The recent U.S. shale-oil revolution did not subside in 2017. The surging crude production this year earned the nation the industry nickname Saudi America, as it’s surpassing the Middle Eastern oil kingdom as the world’s second-largest producer of Texas Tea. And most analysts concur: 2018 will just be more of the same.
Indeed, one of the biggest global news stories of 2017 was America’s rise to both energy independence and international energy leader.
With prices stabilizing well above $50 per barrel, U.S. companies are recovering from the bloodbath a few years ago, adding tens of thousands of jobs, and bringing the Organization of the Petroleum Exporting Countries (OPEC) to its knees. Could the oil cartel become obsolete in the next decade? At the very least, OPEC will have lost its stranglehold on the world.
Should the oil industry thank Presidents George W. Bush, Barack Obama, and Donald Trump? Hardly.
Thanks to private sector investment, research and development, and technological innovation, the shale revolution took off because of hydraulic fracturing, otherwise known as fracking. Yes, some Republicans shouted “drill, baby, drill,” but the bureaucracy of the state did not enable this exciting time in the sector.
How exactly did the U.S. morph into Saudi America?
Let’s examine the critical details in recent history.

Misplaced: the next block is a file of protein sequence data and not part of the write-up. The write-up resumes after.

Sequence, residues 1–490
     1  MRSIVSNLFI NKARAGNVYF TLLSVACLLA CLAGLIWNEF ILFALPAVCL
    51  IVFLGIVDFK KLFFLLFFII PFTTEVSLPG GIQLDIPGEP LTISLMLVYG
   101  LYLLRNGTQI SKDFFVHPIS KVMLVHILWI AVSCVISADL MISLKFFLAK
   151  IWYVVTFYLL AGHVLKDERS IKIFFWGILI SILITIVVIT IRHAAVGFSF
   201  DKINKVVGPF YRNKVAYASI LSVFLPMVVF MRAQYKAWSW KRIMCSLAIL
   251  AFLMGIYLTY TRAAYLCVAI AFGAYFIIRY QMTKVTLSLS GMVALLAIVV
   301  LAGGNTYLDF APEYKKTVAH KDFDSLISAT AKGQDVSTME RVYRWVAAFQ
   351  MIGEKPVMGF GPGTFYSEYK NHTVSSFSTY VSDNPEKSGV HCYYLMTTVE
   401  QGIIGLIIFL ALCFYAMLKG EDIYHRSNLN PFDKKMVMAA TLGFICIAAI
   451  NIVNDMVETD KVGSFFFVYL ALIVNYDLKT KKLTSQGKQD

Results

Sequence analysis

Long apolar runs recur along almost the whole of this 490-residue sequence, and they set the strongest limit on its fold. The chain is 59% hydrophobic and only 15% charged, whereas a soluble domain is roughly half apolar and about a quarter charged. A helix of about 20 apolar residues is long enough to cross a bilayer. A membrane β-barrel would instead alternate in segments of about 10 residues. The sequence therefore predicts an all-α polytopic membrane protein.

The Road to Saudi America
One of the first tasks you must perform to fathom just how this revolution originated is to go back 10 years, to a time when peak oil was all the rage. A decade ago, the U.S. imported more than half of its petroleum needs. A decade later, it crashed to a meager 20% — the lowest it has been since the late 1960s.
Today, U.S. crude output is inching towards 10 million barrels per day (bpd), spiking as much as 15% in 2017. This comes as OPEC and non-OPEC oil producers have been forced to cap production at 1.8 million bpd until March 2019 to drain the global supply glut and help prices climb above $60. Some foreign oil companies cannot survive with $50-$55 prices, but U.S. oil businesses are profitable in the $35-$40 range.
Now, let’s rewind the clock to 2005. The U.S. Department of Energy created the Renewable Fuel Standard (RFS) program, an objective to achieve a reduction on reliance on foreign crude with corn-based ethanol. Unfortunately for statists on both sides of the aisle, the central planning measures were not exactly successful. In fact, even with the doubling down of the RFS program in 2007, ethanol has been a crony-based disaster.
Big Ethanol is only around because of government subsidies. It is so unsuccessful that if motorists are coerced into using ethanol, then they would endure $13 billion in increased annual fuel costs. In a truly free market, Big Ethanol would fade away into the dustbins of history.
What changed? Fracking and horizontal drilling.
Mark Perry of the American Enterprise Institute (AEI) summed it up nicely in a U.S. News & World Report op-ed in October: